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Updated: 2001-07-02 01:00

Unlocking the Mystery
--Scientists Try to Figure Out How Pyramids Were Built (2001/07/02)
解开古埃及人建造金字塔的之谜 (2001/07/02)
It's one of the world's greatest mysteries - how did the ancient Egyptians build the pyramids?

It's as vexing as the riddle of the Sphinx. And the truth is, no one really knows how they built the pyramids.

But amateur Egyptologist Maureen Clemmons has a theory. She thinks that kites may have been used to build the pyramids.

"If you look at the top center of every monument, you see wings," Clemmons said. "I think the Egyptians have been trying to tell us in pictures for 3000 years that this is how they built the pyramids."

Her idea - to build a pyramid you harness the desert wind using kites to lift the stones. She got a team of aeronautic engineers from Caltech to help her test the theory.

"At the beginning, we were ourselves very critical of her ideas but then we started to think more about it and we said, 'why not? let's try it,'" said Mary Gharid of Caltech.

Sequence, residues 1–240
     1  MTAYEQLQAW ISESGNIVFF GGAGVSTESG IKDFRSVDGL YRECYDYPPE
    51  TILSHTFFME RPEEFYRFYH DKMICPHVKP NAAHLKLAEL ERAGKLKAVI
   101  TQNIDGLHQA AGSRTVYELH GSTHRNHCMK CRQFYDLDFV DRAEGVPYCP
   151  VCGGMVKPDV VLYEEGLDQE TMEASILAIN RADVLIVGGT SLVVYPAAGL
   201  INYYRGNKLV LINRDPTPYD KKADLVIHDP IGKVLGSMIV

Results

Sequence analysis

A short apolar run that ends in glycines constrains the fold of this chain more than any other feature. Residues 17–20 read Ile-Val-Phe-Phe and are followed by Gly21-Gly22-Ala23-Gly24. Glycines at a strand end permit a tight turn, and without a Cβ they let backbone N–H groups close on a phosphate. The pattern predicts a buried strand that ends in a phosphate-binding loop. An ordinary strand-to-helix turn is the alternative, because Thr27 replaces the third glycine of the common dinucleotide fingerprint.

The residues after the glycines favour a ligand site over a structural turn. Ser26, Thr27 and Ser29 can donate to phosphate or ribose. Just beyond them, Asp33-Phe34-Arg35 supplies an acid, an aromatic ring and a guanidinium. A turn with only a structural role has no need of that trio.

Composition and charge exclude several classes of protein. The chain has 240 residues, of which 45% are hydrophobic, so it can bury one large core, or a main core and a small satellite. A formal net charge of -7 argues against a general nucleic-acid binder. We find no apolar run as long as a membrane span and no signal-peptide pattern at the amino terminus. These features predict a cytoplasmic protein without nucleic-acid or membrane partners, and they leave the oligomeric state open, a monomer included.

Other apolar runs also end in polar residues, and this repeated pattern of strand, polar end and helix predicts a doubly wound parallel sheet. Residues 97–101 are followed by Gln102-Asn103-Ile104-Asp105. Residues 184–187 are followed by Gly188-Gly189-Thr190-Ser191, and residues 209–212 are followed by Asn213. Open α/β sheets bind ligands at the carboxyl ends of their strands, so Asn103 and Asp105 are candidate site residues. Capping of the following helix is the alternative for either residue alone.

The engineers worked out the math and designed a system of nylon ropes and pulleys. Each pulley quadruples the amount of weight a single kite can pull.

"So, we're using one kite in 15 mile per hour winds to lift up a three and half ton block," said Caltech student Emilio Castano.

Yesterday, in the Mojave Desert, they put their theory to the test using a nylon kite, three pulleys and an obelisk that weighs nearly four tons.

The wind speed had to be just right. And miraculously, it worked. There was more than enough force to hoist the obelisk. The total airtime? Only twenty-five seconds.

But the fact that it can be done, doesn't necessarily mean that's how the ancient Egyptians did it.

"There's absolutely no evidence for kites in ancient Egypt," said Professor Carol Redmount of UC Berkeley. "There's no evidence of pulleys as we know them today."

Redmount says the historical evidence points to the "Charlton Hesont method." Which basically relies on the theory of the muscle of slaves pushing pulleys and creating the pyramids.

But the Caltech group will have none of that.

"All I can remember from history is that Egyptians drank beer for breakfast, lunch and dinner, and as someone who has done field research on drinking beer, I know after I've had two beers and its really hot, I'm not pushing or pulling anything," Clemmons said. "So, I figured I'd try to think another way."


















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